Search results

1 – 10 of 193
Article
Publication date: 1 February 1989

P.A. Burdett, K.J. Lodge and D.J. Pedder

After a brief introduction to the advantages and method of construction of flip chip solder bond devices, this paper looks at different techniques that can be used to inspect…

Abstract

After a brief introduction to the advantages and method of construction of flip chip solder bond devices, this paper looks at different techniques that can be used to inspect these devices at various stages in their construction. These techniques include optical, infra‐red, acoustic and electron microscopy, radiograph, electrical and tensile testing. The advantages and limitations of each of the techniques are discussed and an outline inspection schedule is suggested.

Details

Microelectronics International, vol. 6 no. 2
Type: Research Article
ISSN: 1356-5362

Article
Publication date: 1 January 1990

K.J. Lodge and D.J. Pedder

A measurement tool, capable of monitoring misalignment of layers in multilayer printed circuit boards, is described. Its uses, limitations and its advantages for use in SPC and…

Abstract

A measurement tool, capable of monitoring misalignment of layers in multilayer printed circuit boards, is described. Its uses, limitations and its advantages for use in SPC and reliability predictions are highlighted.

Details

Circuit World, vol. 16 no. 2
Type: Research Article
ISSN: 0305-6120

Article
Publication date: 1 March 1992

D.J. Pedder

The benefits of the thin film multichip module (MCM‐D) approach to high density packaging for VLSI devices have now been amply demonstrated by a number of research groups. The…

Abstract

The benefits of the thin film multichip module (MCM‐D) approach to high density packaging for VLSI devices have now been amply demonstrated by a number of research groups. The successful emergence of a viable multichip module industry from this research base will, however, depend upon the installation of an industry‐wide manufacturing infrastructure. This will have to provide the necessary range of concurrent design capabilities, make pretested bare die available, and include multichip module vendors who can offer an integrated capability in module design, substrate layout and manufacture, advanced module assembly, packaging and test. Each of these areas of MCM‐D technology merits detailed attention in its own right, sufficient to justify many individual papers and presentations. This present paper focuses on just one of these topics and addresses the approach taken by GEC Plessey Semiconductors (GPS) to the development and control of a highly manufacturable MCM‐D silicon substrate process. The GPS ‘Process I’ four‐layer metal, aluminium‐polyimide substrate technology is described, the technology development and process control test structures are detailed and process characterisation data presented.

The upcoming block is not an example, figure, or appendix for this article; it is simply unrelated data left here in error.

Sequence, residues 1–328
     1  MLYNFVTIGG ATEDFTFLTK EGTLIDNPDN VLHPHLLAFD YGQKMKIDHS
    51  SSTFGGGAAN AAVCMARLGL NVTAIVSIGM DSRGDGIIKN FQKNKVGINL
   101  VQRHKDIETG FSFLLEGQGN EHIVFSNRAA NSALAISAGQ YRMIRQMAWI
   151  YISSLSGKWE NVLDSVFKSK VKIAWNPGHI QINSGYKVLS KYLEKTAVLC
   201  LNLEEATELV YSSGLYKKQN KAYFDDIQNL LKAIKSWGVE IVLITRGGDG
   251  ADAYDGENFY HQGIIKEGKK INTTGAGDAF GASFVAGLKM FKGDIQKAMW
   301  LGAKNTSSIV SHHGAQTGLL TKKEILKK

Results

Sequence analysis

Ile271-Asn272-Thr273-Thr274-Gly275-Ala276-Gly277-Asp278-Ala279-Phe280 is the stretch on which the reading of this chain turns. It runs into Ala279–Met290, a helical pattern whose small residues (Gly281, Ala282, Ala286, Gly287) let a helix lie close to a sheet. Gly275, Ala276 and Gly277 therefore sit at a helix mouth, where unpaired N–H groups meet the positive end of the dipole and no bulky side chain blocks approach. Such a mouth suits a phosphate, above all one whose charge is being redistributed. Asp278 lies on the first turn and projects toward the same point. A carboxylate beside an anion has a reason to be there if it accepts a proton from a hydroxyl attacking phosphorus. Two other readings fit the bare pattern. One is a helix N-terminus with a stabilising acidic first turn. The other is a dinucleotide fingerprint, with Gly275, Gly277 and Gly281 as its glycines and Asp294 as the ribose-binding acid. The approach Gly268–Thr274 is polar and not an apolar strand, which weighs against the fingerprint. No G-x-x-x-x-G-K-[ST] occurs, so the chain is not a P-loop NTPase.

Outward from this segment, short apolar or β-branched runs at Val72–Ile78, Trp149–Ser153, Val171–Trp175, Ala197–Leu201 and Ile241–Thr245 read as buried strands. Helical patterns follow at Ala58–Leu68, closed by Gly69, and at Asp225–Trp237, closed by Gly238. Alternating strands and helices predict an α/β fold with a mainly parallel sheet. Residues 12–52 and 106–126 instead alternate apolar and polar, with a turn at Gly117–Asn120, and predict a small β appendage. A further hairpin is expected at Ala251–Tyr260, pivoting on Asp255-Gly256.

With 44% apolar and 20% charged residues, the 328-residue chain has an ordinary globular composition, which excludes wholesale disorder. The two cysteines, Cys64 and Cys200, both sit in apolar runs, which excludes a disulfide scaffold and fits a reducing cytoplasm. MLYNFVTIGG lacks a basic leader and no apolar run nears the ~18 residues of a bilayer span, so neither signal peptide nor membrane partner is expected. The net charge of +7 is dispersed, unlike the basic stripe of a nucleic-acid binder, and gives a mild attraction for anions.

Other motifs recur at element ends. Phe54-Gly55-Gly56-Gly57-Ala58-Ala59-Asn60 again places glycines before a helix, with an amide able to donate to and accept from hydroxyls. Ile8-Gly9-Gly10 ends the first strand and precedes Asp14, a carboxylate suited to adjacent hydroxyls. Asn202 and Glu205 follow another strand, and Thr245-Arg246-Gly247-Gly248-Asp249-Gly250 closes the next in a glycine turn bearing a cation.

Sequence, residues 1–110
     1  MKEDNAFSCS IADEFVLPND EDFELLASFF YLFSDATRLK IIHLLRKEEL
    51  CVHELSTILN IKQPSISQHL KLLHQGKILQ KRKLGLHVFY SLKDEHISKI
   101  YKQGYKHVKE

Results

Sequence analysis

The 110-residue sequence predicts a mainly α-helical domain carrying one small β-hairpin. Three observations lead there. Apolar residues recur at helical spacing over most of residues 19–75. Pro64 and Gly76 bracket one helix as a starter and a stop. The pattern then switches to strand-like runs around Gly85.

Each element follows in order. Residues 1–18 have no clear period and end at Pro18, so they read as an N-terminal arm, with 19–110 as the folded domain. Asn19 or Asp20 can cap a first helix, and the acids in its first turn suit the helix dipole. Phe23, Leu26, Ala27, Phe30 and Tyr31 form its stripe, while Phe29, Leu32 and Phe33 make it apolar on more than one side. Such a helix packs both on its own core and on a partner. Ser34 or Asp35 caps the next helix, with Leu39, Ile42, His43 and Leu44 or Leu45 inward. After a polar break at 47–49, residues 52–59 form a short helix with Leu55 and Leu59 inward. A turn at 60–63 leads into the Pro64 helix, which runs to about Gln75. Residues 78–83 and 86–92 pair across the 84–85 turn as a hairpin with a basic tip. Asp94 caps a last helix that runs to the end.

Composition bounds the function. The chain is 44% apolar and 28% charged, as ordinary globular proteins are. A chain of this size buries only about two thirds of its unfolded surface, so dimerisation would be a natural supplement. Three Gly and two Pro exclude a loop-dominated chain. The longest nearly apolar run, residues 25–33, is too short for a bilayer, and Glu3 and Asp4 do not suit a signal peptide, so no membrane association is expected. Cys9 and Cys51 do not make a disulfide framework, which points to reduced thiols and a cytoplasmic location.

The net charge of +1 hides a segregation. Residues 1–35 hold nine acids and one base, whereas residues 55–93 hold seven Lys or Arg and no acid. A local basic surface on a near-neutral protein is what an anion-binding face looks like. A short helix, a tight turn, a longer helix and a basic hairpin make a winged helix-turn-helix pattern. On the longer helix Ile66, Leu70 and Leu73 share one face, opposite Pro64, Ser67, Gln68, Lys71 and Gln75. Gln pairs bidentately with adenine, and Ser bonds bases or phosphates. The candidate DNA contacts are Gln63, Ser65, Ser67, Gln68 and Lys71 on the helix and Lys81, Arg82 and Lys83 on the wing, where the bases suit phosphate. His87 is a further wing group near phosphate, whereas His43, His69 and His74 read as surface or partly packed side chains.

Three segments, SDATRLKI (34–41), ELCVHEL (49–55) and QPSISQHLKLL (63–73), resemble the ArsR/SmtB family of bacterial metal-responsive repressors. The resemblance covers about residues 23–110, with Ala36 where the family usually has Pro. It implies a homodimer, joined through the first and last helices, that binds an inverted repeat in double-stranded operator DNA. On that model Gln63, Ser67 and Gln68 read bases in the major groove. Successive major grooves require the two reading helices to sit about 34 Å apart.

Details

Microelectronics International, vol. 9 no. 3
Type: Research Article
ISSN: 1356-5362

Article
Publication date: 1 January 1984

C.J. Brierley and D.J. Pedder

The hermetically sealed ceramic chip carrier package and the plastic small outline (SO) IC package are both now widely used in hybrid microelectronics. These packages are…

Abstract

The hermetically sealed ceramic chip carrier package and the plastic small outline (SO) IC package are both now widely used in hybrid microelectronics. These packages are currently being applied with other discrete surface mount devices to PWB technology in order to increase circuit density and reduce weight. This paper discusses the evaluation of two soldering techniques for the attachment of the chip carrier and SOIC packages to epoxy glass PWBs: the first by solder cream printing or pretinning of the circuit board and subsequent attachment by solder reflow, and the second by a novel jet soldering technique. The thermally induced expansion mismatch between epoxy glass and ceramic chip carriers and the strain induced fatigue this causes in the solder joints are now well documented, and results are presented for the effects of temperature cycling ceramic chip carriers soldered onto PWBs. Various PWB materials have been assessed including FR4, elastomer coated FR4, polyimide kevlar, and epoxy glass laminated copper clad invar. Reliability of these assemblies is discussed in terms of the appearance of micro‐cracks in the solder fillets and the occurrence of electrical discontinuity in the solder joints during temperature cycling.

Details

Circuit World, vol. 10 no. 2
Type: Research Article
ISSN: 0305-6120

Article
Publication date: 1 January 1988

D.J. Pedder

The relentless drive towards greater complexity and interconnection density on silicon integrated circuit (SIC) devices is leading to a reappraisal of techniques for making…

Abstract

The relentless drive towards greater complexity and interconnection density on silicon integrated circuit (SIC) devices is leading to a reappraisal of techniques for making electrical connections from the SIC to the next level of packaging. The techniques being examined include fine pitch Wire Bonding, Tape Automated Bonding (TAB) and Flip‐chip Solder Bonding. This latter technique forms the subject of this paper. The history of flip‐chip solder bonding technology is briefly reviewed and metallurgical, physical and mechanical aspects of the bonding process and of the resulting joints are discussed. The merits of the flip‐chip bonding process are indicated and applications examples presented. Particular attention is given to the fabrication of a novel pyroelectric‐SIC thermal imaging sensor using flip‐chip solder bonding.

Details

Microelectronics International, vol. 5 no. 1
Type: Research Article
ISSN: 1356-5362

Book part
Publication date: 29 November 2019

Wasyl Cajkler and Phil Wood

This chapter seeks to explain how lesson study can contribute to the growth of teacher expertise, enabling the participants to work together to address the complexity of teaching…

Abstract